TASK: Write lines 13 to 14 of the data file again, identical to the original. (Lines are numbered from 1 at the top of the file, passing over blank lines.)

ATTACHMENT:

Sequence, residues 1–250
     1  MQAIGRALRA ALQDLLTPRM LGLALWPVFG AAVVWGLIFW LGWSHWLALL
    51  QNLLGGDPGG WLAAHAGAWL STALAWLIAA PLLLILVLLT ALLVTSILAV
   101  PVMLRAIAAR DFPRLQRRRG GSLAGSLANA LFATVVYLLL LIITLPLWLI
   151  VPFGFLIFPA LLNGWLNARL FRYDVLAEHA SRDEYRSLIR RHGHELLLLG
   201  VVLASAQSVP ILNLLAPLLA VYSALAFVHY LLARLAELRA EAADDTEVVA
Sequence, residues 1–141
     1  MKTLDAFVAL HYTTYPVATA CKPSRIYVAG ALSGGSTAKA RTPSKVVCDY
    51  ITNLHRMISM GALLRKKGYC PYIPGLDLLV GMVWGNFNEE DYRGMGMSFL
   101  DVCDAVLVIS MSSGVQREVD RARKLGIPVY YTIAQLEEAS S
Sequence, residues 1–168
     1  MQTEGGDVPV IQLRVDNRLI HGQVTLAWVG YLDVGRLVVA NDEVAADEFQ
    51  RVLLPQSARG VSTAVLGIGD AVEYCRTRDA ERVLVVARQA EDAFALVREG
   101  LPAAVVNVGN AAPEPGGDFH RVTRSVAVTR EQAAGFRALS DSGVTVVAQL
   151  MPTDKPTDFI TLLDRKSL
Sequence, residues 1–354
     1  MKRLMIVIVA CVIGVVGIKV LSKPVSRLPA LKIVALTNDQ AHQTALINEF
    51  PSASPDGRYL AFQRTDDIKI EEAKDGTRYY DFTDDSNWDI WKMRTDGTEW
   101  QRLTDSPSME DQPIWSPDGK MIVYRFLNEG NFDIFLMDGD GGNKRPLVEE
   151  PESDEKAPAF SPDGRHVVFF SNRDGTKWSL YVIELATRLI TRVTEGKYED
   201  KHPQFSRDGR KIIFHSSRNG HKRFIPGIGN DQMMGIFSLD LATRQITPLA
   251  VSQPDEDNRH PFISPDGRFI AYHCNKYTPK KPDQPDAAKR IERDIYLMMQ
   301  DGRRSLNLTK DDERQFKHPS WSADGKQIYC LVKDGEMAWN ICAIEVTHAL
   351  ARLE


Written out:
    51  RVLLPQSARG VSTAVLGIGD AVEYCRTRDA ERVLVVARQA EDAFALVREG
   101  LPAAVVNVGN AAPEPGGDFH RVTRSVAVTR EQAAGFRALS DSGVTVVAQL